Now that the buildings have been handed to NHSGGC the work begins to fit the hospitals out and make them ready to receive the staff and the first patients in a little over three months’ time.
Fitting out the South Glasgow University Hospital and the new Royal Hospital for Sick Children is an enormous project in itself.
Over the next three months our dedicated New South Glasgow Hospitals Project Team will lead the migration and commissioning process which will include:
• More than 10,000 to undergo orientation to their new place of work before transferring over to the site
• Purchase of more than £26m of new equipment including anaesthetic machines, patient monitoring, syringe pumps and defibrillators.
• The fit-out, testing and cleaning of 7,000 rooms ready for occupation
• Patching of 12,000 IT outlets
• pre-equipping of 2300 PCs, 350 printers and 190 Mobile ‘clinical’ laptops
• installation of 12,000 dispensers for soap, hand gel and paper towels
• 2,000 wireless handsets and 3,500 desk top phones across the campus.
• The purchase and installation of £13 million of new MRI, CT and Digital General X-Ray equipment.
• A patient entertainment system at a cost of £1.3m which allows patients to access an individual TV at their bed.
• AGV units that will deliver food, linen and supplies throughout the hospital complex as well as the specialist trolleys needed for the AGV’s.
Robert Calderwood added: “The scale of what is now involved over the next three months is truly immense. When the new hospitals open, services from four existing sites will transfer over. This therefore will involve the transfer of patients on a scale never seen before in Scotland together with a removals operation which will see thousands of items transferring onto the new campus from the Victoria Infirmary and Mansionhouse Unit, Western Infirmary, Royal Hospital for Sick Children and Southern General.”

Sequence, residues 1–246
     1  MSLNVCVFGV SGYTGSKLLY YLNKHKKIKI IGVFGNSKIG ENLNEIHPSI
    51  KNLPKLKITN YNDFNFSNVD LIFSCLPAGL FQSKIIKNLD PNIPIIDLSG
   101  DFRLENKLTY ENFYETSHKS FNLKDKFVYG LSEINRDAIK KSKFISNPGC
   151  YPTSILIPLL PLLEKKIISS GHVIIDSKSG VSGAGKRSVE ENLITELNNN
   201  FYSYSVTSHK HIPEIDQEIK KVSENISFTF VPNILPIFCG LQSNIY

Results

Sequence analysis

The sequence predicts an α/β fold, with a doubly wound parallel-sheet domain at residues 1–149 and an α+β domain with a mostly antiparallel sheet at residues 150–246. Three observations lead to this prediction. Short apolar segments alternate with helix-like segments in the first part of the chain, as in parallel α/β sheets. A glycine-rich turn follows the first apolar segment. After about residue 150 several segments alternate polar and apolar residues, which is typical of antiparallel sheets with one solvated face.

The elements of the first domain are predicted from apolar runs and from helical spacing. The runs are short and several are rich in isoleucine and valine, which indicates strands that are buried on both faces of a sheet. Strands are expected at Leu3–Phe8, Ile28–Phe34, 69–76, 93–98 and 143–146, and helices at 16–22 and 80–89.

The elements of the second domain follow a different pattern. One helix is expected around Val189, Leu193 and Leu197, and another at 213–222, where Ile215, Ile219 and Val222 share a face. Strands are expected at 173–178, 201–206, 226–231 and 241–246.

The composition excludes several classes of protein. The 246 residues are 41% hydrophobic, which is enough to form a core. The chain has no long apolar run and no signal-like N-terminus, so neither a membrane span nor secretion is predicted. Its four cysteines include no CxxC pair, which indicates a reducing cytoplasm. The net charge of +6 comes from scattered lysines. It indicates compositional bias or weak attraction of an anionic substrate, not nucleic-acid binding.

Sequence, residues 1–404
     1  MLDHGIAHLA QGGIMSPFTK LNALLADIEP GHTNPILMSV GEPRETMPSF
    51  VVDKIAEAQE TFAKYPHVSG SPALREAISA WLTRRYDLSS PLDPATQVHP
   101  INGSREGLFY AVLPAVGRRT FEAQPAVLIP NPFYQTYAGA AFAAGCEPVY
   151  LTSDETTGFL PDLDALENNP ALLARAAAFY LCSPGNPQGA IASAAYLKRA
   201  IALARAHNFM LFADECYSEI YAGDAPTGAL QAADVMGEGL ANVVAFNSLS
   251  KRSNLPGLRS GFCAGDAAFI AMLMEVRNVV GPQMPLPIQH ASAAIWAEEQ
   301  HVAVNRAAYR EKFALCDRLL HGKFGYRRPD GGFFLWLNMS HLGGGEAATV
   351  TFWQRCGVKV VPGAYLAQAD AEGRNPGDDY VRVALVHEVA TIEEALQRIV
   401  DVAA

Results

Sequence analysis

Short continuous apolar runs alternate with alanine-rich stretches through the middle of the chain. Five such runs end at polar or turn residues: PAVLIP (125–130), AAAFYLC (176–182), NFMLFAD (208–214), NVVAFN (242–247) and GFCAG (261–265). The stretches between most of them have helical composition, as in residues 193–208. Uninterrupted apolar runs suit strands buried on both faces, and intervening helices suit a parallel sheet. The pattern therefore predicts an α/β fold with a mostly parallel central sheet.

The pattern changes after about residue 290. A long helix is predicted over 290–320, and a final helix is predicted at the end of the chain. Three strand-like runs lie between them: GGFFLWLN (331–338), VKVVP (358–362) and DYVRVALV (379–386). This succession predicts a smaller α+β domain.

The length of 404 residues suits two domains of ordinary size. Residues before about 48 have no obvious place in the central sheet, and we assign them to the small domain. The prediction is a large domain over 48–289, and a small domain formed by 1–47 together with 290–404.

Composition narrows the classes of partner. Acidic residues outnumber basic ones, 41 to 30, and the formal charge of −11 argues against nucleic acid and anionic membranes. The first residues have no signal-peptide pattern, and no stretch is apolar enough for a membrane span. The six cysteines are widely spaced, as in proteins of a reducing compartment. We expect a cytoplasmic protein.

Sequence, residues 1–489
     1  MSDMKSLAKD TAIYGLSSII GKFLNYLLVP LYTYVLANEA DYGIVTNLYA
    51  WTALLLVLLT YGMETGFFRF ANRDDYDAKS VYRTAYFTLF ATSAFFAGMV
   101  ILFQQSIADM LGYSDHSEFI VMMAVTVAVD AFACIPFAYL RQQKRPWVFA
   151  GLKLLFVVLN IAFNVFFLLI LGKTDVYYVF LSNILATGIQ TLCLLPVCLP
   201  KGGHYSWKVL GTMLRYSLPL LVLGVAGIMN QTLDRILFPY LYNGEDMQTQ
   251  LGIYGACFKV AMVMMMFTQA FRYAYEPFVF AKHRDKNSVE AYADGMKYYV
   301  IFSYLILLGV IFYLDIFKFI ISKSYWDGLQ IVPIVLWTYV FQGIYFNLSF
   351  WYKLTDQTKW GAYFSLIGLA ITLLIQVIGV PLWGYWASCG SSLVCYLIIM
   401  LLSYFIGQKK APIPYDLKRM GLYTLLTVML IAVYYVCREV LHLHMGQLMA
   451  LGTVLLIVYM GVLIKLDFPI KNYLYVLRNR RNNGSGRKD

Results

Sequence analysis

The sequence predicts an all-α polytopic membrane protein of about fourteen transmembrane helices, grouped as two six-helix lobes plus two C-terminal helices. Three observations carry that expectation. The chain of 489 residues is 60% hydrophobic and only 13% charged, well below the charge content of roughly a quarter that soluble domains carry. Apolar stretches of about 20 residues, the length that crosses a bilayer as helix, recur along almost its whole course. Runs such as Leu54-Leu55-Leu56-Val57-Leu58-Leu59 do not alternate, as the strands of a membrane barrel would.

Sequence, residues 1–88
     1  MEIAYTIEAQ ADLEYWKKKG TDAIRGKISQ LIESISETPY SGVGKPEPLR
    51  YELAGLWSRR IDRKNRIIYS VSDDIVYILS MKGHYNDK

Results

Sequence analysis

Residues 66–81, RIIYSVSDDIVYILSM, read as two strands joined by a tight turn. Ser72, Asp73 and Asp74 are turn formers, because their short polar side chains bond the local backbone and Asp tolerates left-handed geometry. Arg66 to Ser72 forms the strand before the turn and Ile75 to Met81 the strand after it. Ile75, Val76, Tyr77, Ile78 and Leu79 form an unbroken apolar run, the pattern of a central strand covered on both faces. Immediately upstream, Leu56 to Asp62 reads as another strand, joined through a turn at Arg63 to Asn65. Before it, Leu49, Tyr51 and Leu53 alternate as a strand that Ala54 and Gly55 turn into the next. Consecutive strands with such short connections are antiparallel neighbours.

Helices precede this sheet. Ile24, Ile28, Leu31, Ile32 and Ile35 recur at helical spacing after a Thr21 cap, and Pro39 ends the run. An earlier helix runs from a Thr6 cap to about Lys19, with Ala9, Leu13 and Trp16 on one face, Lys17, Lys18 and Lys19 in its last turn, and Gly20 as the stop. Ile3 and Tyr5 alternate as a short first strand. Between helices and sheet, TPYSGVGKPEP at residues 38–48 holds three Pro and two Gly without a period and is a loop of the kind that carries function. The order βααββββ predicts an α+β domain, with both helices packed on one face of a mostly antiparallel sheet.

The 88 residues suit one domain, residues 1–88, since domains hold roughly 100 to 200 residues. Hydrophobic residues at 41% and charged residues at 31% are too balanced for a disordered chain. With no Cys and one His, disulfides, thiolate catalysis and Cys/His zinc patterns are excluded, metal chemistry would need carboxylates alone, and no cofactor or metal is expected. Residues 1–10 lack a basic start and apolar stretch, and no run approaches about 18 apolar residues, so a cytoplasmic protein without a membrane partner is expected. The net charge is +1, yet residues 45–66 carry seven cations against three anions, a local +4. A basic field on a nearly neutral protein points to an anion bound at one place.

The scale of the migration of services to the new South Glasgow University Hospital and the new Royal Hospital for Sick Children is both significant and complex to plan.
Our clinical and management teams have had to work very closely with colleagues across other services – especially the Scottish Ambulance Service – to ensure co-ordination delivers continuity of services.
The moving of patients from hospitals to the new hospitals is one aspect that presents logistical challenges of some significance.
Those involved in the migration schedule have worked tirelessly to deliver a model that will be safe for our patients and to the continuity of services across the city and beyond.
The entire operation is being co-ordinated and managed by our New South Glasgow Hospitals Project Team who have drawn up a detailed programme of all the activity, with daily schedules of equipment deliveries, staff training and familiarisation and testing of all areas of the hospitals.
The first services will transfer on Friday 24 April 2014 with a target completion date of 14 June 2015. The overall Migration Programme will take eight weeks. ENDS
For further information either telephone 0141 201 4429